Where There Were No Doors

Follow your bliss and doors will open where there were no doors before - Joseph Campbell

Wednesday, April 20, 2005

Choosing HIV

I'm incredibly busy today (work stuff) so I'll have to be brief. With the recent elevation (pontiffication?) of Ratzinger to the papacy, a dreary realisation that the Church's stance on condom use won't be changing soon has settled over sane people everywhere.

Over on Conservative Commentary, however, the increasingly silly Peter Cuthbertson (the future of the tory party) appears overjoyed that a highly conservative man has become pope. So much so that he almost had a religious conversion at the news! Mind you, Peter talks about religious conversion with roughly the same amount of gravity as most people discuss what they feel like eating for supper this evening.

However what I want to draw attention to is the mind-boggling revelation in the comments to that message. I mentioned the Church's stance on condom use as being the vile and murderous position that it is when considering African nations currently being decimated by the AIDS virus.

Immediately I was accused of "pious humbug". Don't be ridiculous, I was essentially told, people aren't deciding against condom use because of what the Church says. After all, they do plenty of other things the church condemns.

What a complete and utter waste of my time. Not that I was debating the subject with a bunch of rightwing fools; but that I was debating it with people who had never once given the issue a moment's thought. Because if they had done, they'd know that the problem isn't what the church says, but what it does.

There are large areas of AIDS-infected Africa where condoms are simply not available. The medical centres and hospitals are run by Catholic organisations, and the local churches preach savagely against anyone who might be distributing them. The idea that people in AIDS-infected Africa are "choosing" en masse not to use condoms is a pathetic and dangerous lie told by right wing nutjobs who would rather see millions of poor people die horribly than admit they might be wrong about something.

And anyone who unthinkingly buys into that lie needs to wise up fast.


Anonymous Anonymous said...

No one said they were choosing not to use condoms. The point was made that people can choose to believe in Catholic doctrine or not and that it is facile to blame the deep problems of Africa on the Church. The point was further made that the Catholic view is nonsense and that people who think they can do better charity work should work to displace the Church rather than waste their time moaning about the Pope and Church dogma.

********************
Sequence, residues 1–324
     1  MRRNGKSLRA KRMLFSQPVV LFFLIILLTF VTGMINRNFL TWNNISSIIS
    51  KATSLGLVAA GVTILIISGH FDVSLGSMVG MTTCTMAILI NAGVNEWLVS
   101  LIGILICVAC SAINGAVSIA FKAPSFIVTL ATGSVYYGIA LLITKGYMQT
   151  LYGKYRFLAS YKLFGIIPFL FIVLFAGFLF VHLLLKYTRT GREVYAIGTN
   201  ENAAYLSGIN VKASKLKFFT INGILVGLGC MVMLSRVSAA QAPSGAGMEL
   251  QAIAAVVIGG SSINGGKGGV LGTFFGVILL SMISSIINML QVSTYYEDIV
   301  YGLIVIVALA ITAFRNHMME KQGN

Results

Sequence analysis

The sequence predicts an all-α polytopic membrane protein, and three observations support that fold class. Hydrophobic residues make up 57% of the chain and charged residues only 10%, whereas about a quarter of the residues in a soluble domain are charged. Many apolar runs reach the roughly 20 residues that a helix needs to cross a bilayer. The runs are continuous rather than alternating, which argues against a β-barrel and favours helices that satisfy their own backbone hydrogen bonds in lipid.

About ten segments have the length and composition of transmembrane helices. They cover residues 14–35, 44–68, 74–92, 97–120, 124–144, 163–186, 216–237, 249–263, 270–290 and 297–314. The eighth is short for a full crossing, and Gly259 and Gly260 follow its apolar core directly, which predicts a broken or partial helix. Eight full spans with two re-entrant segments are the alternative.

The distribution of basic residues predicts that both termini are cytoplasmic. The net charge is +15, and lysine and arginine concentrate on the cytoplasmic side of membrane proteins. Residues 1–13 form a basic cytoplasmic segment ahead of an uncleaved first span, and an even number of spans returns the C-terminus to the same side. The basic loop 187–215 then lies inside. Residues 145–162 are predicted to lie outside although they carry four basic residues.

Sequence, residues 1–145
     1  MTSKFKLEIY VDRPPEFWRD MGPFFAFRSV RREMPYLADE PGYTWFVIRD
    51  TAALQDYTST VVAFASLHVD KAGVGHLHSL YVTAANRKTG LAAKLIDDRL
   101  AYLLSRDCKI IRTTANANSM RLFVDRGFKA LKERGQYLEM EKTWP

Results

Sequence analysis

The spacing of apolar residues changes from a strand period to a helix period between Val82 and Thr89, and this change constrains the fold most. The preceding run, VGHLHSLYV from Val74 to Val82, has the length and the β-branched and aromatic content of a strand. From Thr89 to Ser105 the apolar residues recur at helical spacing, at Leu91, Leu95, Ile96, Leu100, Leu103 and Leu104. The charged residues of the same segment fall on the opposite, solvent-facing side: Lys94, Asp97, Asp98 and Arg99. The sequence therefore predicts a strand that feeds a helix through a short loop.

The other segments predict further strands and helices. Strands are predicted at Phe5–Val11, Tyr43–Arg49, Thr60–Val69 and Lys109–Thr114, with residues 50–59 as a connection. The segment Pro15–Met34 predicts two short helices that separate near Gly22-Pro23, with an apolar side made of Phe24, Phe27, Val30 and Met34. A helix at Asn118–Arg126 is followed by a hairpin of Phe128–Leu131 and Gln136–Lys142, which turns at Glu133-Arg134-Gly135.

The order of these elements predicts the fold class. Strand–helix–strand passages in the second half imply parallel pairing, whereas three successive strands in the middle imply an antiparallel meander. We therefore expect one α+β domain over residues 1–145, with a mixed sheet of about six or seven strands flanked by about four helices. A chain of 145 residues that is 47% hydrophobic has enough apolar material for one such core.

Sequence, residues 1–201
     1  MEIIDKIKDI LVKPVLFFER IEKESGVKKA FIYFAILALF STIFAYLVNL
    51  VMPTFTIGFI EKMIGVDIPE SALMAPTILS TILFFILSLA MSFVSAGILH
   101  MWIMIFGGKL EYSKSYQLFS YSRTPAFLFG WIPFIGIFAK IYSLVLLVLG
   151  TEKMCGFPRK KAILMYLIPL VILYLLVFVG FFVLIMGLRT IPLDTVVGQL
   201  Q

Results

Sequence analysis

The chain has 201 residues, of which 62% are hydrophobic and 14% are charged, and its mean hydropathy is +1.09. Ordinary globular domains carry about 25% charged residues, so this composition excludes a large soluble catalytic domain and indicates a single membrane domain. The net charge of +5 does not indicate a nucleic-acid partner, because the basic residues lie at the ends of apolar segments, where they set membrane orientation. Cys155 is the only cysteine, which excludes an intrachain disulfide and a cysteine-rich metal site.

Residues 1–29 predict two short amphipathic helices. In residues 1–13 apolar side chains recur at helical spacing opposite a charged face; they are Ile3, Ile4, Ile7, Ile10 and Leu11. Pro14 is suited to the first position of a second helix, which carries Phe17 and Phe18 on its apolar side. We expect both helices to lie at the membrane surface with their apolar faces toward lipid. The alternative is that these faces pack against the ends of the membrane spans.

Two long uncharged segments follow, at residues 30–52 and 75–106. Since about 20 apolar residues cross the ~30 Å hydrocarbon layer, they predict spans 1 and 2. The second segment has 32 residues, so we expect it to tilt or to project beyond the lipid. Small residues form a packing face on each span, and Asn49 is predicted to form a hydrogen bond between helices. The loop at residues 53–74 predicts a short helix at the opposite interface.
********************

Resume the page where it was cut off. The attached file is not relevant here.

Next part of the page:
Scarcely the views of 'right wing' nut jobs.

20/4/05 16:01  
Blogger Jim Bliss said...

Well no anonymous, you're talking out of your arse.

"No one said they were choosing not to use condoms."

In the comments I referred to, that was said by two separate people...

"Do people in 'developing' countries really pay any serious attention to Church teaching on contraception? They seem to quite happily ignore it on all other matters. The Church has its view, people are free to either pay it attention or not"


"What makes people so sure that African Catholics are going to follow the teaching of the church on condoms whilst ignoring it's teaching on extra marital sex and so forth?"

and later (after I'd made the point about it not being a choice)...

"The problem is often that the men choose to have sex and choose to do it without condoms"

So I'm afraid, anonymous (would people please sign a name... even a false one, so I can refer to them as something other than "anonymous"?) that there were and are plenty of people saying "they were choosing not to use condoms".

I agree that the views of the Catholic church are nonsense. And the poor 18-year-old boy in Southern Angola may also consider them nonsense. Unfortunately, the church runs the only medical centre within three day's walk and have enough political clout in the region to ensure that he can't buy condoms in a shop (even if he had money, which he doesn't).

As for the "people who think they can do better..." argument? Fuck off.

So if a missionary organisation implements a policy which needlessly endangers the health of huge numbers of people, it's wrong to criticise it? What the hell are you on about?

20/4/05 16:12